Do We Need Transparency at the CBO

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from the Washington Examiner:

Mick Mulvaney isn’t pleased with the power wielded by his competitor, the Congressional Budget Office. You can chalk that up in part to a natural rivalry between the CBO and Mulvaney’s Office of Management and Budget, which is an arm of the White House. Mulvaney also highlights some reasons everyone concerned with good policy should want reform at CBO.

“At some point, you’ve got to ask yourself, has the day of the CBO come and gone?” Mulvaney told the Washington Examiner‘s writers and editors in a recent meeting at the White House complex. Mulvaney specifically tore into a CBO staffer who helped give the Republican healthcare bill a bad score.

“We’re hearing now that the person in charge of the American Health Care Act methodology is an alum of the ‘Hillarycare’ program in the 1990s who was brought in by Democrats to score the ACA.”

There’s no need to ascribe partisanship or even ideological bias to see a problem with the CBO’s score of the AHCA. Health policy experts have noted many of the CBO’s curious judgments. Mulvaney, for his part, pointed to the odd assumption that the number of Medicaid recipients — low-income people who get healthcare at no cost, and could still get Medicaid under the AHCA — would drop out of Medicaid because the AHCA would repeal the individual mandate.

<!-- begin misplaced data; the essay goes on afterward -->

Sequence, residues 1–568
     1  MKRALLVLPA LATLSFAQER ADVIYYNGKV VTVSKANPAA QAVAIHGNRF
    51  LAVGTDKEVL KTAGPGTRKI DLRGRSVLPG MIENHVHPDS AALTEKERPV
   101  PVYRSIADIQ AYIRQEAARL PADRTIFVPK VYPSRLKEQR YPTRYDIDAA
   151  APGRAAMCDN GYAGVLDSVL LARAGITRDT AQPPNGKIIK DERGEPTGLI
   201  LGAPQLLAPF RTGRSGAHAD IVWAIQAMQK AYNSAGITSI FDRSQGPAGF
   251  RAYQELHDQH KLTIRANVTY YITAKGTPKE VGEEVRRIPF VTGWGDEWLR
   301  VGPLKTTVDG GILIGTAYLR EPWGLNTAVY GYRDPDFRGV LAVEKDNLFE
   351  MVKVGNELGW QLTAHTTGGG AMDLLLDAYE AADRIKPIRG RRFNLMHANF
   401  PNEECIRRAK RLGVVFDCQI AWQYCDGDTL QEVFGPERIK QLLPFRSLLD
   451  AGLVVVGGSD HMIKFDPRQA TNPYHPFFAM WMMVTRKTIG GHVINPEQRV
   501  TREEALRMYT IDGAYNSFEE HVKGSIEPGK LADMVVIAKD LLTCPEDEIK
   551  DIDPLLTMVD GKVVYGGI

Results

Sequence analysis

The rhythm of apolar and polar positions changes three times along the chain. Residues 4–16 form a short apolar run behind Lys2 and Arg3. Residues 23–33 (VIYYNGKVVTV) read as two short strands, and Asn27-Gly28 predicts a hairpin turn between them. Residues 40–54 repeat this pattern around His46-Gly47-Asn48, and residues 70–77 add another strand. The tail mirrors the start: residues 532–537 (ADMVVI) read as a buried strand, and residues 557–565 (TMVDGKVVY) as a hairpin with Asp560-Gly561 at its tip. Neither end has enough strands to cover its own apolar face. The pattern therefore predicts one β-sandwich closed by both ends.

Does the CBO think Medicaid recipients would quit the program once the mandate was gone? Or is it assuming fewer new people will sign up? (In which case it’s a stretch to call them uncovered, because they would automatically be enrolled in Medicaid once they show up at a doctor’s office.) We don’t know. So when the CBO says 23 million Americans will lose coverage under the AHCA, we don’t know whether this based on an undue faith in mandates.

And that’s the problem.

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